Transgendering Work

Changing gender on the job

The business agent of my union is a big man who works as a rigger and a stage equipment operator. He’s getting older and is soured by life. We’ve known each other for almost 30 years. When I first met him, he was slimmer, attending university, and would often pass the time waiting for cues on the fly floor above the stage reading books in Greek and Latin. I was a scenic designer, frustrated from living as a man in a world of men, and I would sometimes have tantrums of scorn and anger in order to get my way with stage crews. So we were not the best of friends. When, after many years, I began my gender transition from male to female, he was uncomfortable, and he made it clear that without official documentation he wasn’t going to accept me as a woman for gendered jobs like being a female dresser for touring shows.

My gender transition was hard for my sisters and brothers in my union. We learn from an early age to classify every person we meet into one of the two gender stereotypes. Some anthropological evidence suggests this tendency is stronger in patriarchal societies and is linked to the imbalance of power between the sexes. People’s identities are strongly invested in their position in the hierarchy. In our society, visibly transgender individuals are still subject to discrimination that isn’t tolerated for other groups. This behaviour hurts, sometimes profoundly. Some of it is intentional, but some is not.

Mis-gendering in the use of pronouns is widespread. At work, for example, the crew of a touring show would at first see me as a woman and refer to me as she. Then a long-time co-worker would refer to me as he and soon everyone would be referring to me as he. Early in my transition, I only worked occasionally for the union, and I experienced serious harassment and abuse at my full-time, non-union job. When a director decided the easiest way to deal with the problem was to fire me, there was no union to support me, and the Saskatchewan Human Rights Commission turned me away because gender expression was not listed as acceptable grounds for complaint in the Human Rights Code.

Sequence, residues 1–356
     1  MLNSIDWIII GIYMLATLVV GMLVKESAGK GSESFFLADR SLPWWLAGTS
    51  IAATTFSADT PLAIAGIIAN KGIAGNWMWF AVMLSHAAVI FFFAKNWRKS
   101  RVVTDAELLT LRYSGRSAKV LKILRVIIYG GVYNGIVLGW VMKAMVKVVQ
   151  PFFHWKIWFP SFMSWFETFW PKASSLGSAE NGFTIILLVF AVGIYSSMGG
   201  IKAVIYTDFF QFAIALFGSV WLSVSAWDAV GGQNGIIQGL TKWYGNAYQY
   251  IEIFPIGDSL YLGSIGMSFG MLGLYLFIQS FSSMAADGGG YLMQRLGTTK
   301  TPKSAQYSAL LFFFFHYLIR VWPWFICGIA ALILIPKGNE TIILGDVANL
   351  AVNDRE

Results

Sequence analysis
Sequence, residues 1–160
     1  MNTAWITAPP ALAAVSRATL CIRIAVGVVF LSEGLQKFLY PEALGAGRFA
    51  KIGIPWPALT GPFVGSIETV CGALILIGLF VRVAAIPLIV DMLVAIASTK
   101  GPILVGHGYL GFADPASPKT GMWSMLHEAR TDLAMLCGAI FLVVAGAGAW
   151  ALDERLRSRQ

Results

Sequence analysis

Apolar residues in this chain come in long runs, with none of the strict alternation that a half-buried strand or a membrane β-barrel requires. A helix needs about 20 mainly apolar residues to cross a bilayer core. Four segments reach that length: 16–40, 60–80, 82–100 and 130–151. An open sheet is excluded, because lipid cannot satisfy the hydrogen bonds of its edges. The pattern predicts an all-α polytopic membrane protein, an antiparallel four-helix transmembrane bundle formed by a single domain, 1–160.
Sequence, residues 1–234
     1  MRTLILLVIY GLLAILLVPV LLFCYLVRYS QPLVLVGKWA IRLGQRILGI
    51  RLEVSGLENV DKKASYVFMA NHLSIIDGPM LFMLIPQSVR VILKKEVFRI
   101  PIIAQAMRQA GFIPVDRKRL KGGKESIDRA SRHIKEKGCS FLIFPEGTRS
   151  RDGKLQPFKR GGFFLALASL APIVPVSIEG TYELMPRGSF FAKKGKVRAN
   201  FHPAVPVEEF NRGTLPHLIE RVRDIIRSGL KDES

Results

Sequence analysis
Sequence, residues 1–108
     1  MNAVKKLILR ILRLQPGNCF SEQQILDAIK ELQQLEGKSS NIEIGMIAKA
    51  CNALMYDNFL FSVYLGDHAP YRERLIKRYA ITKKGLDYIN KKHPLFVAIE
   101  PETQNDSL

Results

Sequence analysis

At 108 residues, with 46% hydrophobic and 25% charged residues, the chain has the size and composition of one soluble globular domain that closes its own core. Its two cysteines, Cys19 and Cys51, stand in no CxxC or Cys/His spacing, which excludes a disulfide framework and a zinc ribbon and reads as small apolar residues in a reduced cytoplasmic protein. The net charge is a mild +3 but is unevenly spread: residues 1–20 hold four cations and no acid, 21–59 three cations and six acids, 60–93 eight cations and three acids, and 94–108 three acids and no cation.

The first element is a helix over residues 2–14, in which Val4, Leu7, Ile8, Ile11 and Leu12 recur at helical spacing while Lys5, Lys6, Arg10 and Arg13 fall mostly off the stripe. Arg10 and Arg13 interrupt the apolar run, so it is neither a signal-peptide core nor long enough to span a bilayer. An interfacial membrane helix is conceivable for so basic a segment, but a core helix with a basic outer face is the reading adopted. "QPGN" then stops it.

I had a mental breakdown, and for a time I worked very little, only accepting jobs that wouldn’t cause me stress, such as working on the wardrobe crew or operating a camera. Eventually that first business agent was replaced by another who proved to be an ally. When an employer asked the new business agent to supply a different camera operator, criticizing my hairstyle and clothing and not my work, the new business agent told the employer that his request was unacceptable.

I wasn’t earning quite enough to cover my expenses at this time, so I began taking more strenuous work, beginning with a two-day stage maintenance call. I was working with a crew of senior union members, men who had known me for more than 20 years before my transition. They treated me badly, assigning me the most difficult and dirty tasks. Some told macho jokes and used lewd, misogynistic innuendos. Some second-guessed my work all shift, retying knots I had tied correctly and re-circuiting lamps I had plugged in, giving false justifications amid masculine bravado. I kept up a cheerful front but was in tears when I got home.

In the ’80s our union began to support women, first allowing them to work as projectionists, then finally as stage workers. But women were not treated the same as men. It dawned on me that my co-workers weren’t treating me badly because I was transgender; they were simply behaving the way they behave with other female workers. I had finally been accepted by them, not as a trans person but as a woman.

A year later, the first business agent was re-elected to the position. One shift, while waiting for a band to finish their encores, I asked to have a word with him. I reminded him how he had wanted official confirmation of my female status. I showed him my new driver’s licence, pointing out the “F” for female. He told me he didn’t need it. I insisted that I wanted him to know in case any employers complained about me. He said, “If anyone gives me any shit, I’ll tell them they can go to hell.” He then explained that, after he’d first asked me for documentation proving I was female, he had gone on the Internet to research transgender identities. Everything he learned pointed to one conclusion: I was a woman. End of story.

Miki Mappin has had several careers: sculptor, scenic artist, theatre consultant, and exhibits designer. In recent years, her passions have been contemporary dance, social activism, and, increasingly, writing. Learn more about the campaign to have gender expression included in the Saskatchewan Code of Human Rights at time4rights.ca.

Tags:   trans activism workplace rights

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